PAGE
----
The phenomenon of complex regional pain syndrome type I (CRPS-I), once known as reflex sympathetic dystrophy (RSD), is not well understood. Clinicians are left feeling helpless and frustrated by the lack of effective treatment modalities when patients present with unexpected pain and disability. If this occurs after surgery, the event often strains the surgeon-patient relationship. Even patients who receive the most meticulous and well-executed surgical treatment are at some risk. For the most severe cases, when all else fails, some physicians consider amputation of the extremity to be an option.
CRPS-I is diagnosed on the basis of nonspecific, subjective observations; lacks a consensus reference standard; and may prove to be an illness construction1 rather than an actual disease (think "whiplash"). The International Association for the Study of Pain (IASP) changed the label from RSD to CRPS-I because it was believed that the implication of sympathetic nervous system dysfunction was unsubstantiated and that treatments to suppress the sympathetic nervous system were overused2. Although CRPS-I would seem to be an appropriately descriptive term, it still carries the implication that a pathophysiological process (one that is as yet undiscovered) is known to be responsible. It therefore seems preferable to use a more neutral description such as "disproportionate pain and disability," which acknowledges the possibility that this illness has important psychological and sociological aspects that may prove predominant.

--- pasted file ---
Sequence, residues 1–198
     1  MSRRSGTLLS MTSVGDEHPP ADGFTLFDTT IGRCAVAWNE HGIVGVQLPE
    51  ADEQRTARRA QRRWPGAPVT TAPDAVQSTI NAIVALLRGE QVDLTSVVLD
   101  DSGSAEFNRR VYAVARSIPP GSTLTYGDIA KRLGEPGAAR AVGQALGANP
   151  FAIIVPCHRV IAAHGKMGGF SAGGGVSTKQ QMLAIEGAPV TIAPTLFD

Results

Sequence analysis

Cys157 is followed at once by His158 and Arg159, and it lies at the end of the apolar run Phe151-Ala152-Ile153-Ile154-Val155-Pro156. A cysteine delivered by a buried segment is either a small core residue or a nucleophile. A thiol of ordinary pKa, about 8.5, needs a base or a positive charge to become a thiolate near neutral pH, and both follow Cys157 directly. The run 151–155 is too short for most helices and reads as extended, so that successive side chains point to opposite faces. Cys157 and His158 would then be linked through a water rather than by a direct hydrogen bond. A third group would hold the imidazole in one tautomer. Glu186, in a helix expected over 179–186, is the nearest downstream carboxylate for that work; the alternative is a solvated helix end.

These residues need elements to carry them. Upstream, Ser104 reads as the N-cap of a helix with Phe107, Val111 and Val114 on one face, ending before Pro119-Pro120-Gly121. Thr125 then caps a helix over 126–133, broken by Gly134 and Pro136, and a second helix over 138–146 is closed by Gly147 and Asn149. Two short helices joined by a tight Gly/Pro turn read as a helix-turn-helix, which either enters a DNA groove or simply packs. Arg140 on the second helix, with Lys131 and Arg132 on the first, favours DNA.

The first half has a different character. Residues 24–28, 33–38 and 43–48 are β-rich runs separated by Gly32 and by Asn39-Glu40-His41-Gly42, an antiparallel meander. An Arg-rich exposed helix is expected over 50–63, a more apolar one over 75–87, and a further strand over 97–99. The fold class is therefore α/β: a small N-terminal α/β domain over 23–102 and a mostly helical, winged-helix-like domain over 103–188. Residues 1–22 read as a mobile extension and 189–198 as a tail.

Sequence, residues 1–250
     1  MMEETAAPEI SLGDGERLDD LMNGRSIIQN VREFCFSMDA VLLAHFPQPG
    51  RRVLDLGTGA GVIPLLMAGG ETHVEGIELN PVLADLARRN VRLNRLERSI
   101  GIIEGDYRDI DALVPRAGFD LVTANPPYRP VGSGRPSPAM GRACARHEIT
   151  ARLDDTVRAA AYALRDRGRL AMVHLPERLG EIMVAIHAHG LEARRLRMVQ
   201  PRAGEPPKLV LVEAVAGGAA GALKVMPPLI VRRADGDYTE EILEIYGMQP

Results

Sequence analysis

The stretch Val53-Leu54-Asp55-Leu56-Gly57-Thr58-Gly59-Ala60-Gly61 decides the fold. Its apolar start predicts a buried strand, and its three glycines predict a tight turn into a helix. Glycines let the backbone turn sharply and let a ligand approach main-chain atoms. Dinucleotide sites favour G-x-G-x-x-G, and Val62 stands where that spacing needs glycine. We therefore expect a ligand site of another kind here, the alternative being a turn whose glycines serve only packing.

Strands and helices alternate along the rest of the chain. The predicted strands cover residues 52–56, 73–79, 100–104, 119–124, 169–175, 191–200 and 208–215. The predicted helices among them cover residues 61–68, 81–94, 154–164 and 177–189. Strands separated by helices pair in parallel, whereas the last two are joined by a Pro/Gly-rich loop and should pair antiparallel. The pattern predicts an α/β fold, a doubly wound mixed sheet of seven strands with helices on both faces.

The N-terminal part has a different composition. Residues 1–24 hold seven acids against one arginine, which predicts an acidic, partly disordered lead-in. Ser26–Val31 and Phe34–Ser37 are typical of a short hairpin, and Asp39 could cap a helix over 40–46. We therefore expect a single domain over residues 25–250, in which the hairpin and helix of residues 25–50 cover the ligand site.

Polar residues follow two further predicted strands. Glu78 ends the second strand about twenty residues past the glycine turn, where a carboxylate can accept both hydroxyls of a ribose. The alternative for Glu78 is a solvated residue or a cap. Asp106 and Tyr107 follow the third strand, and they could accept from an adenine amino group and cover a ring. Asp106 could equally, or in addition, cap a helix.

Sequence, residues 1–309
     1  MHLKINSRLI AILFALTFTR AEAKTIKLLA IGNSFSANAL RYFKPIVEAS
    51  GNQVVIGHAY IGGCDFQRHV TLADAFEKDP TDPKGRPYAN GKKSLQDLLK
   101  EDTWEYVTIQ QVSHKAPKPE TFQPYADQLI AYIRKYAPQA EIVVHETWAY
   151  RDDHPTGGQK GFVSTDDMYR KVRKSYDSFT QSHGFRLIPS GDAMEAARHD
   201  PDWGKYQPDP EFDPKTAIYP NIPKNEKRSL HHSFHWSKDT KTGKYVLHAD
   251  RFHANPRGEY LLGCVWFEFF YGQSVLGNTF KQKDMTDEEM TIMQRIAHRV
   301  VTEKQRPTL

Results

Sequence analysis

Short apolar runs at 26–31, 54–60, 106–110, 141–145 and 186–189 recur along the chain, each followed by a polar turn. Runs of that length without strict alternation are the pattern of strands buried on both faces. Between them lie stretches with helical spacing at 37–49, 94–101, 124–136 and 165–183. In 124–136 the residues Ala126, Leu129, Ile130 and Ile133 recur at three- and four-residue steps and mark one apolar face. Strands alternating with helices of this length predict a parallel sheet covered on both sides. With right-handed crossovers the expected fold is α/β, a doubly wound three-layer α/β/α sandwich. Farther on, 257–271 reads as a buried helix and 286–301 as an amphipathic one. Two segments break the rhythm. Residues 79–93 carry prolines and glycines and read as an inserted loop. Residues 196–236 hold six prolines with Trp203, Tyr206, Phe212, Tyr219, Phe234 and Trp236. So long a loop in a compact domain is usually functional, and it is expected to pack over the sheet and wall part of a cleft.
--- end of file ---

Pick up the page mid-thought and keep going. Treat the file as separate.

In their review of uncontrolled retrospective studies, Bodde et al. documented "recurrence" in nearly half of the patients with CRPS-I treated with amputation (including phantom-limb symptoms in fifteen patients), prosthetic use by fewer than half of the patients who had been fitted with a prosthesis after amputation, and return to employment in fewer than one-third of the patients. They maintain that amputation remains a "valid" treatment for resistant infection but encourage seeking other options before amputation is performed because of pain or dysfunction. The authors remark that they see no reason to alter the current guidelines put forth by Perez et al.3, which represent the efforts of a multidisciplinary task force of the Dutch Society of Rehabilitation Specialists and the Netherlands Society of Anaesthesiologists that had been charged with the creation of evidence-based guidelines for CRPS-I treatment. These guidelines state, "There is insufficient evidence that amputation positively contributes to the treatment of CRPS-I."
It is not clear that amputation for CRPS-I achieves better outcomes than the natural history of the disease, other medical or surgical interventions, or cognitive behavioral therapy and similar treatments.
Going forward, it seems that further research efforts concerning CRPS-I should concentrate on the following: (1) a reliable, objective reference standard for diagnosis; (2) consideration of all aspects of illness-related behavior (pathophysiology, psychology, and sociology); (3) collaboration with the experts in each of these areas; and (4) scientific experiments that can adequately account for biases, the natural course of the illness, and the placebo effect.